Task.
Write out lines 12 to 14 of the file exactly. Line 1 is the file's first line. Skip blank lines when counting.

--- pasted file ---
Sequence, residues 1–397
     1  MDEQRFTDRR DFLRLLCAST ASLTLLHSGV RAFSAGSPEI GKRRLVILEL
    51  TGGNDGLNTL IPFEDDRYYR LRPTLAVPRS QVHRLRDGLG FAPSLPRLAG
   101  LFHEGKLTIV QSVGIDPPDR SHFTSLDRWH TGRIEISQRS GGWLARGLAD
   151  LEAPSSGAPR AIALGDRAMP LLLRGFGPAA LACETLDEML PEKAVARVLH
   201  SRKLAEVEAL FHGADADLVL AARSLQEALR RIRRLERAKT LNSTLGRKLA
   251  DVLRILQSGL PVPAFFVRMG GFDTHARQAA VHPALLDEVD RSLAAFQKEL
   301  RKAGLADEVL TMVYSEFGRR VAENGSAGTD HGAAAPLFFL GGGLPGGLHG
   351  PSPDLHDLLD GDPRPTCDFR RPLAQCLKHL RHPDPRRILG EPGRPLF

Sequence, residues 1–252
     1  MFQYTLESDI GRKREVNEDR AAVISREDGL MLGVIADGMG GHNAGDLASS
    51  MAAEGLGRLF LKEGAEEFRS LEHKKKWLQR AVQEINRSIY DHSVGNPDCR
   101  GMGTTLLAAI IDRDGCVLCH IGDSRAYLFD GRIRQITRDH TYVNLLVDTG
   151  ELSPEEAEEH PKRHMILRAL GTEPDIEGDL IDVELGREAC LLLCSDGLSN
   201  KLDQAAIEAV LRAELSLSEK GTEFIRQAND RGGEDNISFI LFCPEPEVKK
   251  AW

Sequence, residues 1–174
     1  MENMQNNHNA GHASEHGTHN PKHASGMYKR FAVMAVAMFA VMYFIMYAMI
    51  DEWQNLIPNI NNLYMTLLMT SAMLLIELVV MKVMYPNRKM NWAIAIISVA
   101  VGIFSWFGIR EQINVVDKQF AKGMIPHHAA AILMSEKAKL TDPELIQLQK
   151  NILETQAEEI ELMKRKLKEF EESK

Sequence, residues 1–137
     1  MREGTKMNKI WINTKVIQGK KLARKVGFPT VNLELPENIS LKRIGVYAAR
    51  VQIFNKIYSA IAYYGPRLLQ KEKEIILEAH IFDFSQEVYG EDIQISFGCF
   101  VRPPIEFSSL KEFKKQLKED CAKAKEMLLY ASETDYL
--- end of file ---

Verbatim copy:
    51  MAAEGLGRLF LKEGAEEFRS LEHKKKWLQR AVQEINRSIY DHSVGNPDCR
   101  GMGTTLLAAI IDRDGCVLCH IGDSRAYLFD GRIRQITRDH TYVNLLVDTG
   151  ELSPEEAEEH PKRHMILRAL GTEPDIEGDL IDVELGREAC LLLCSDGLSN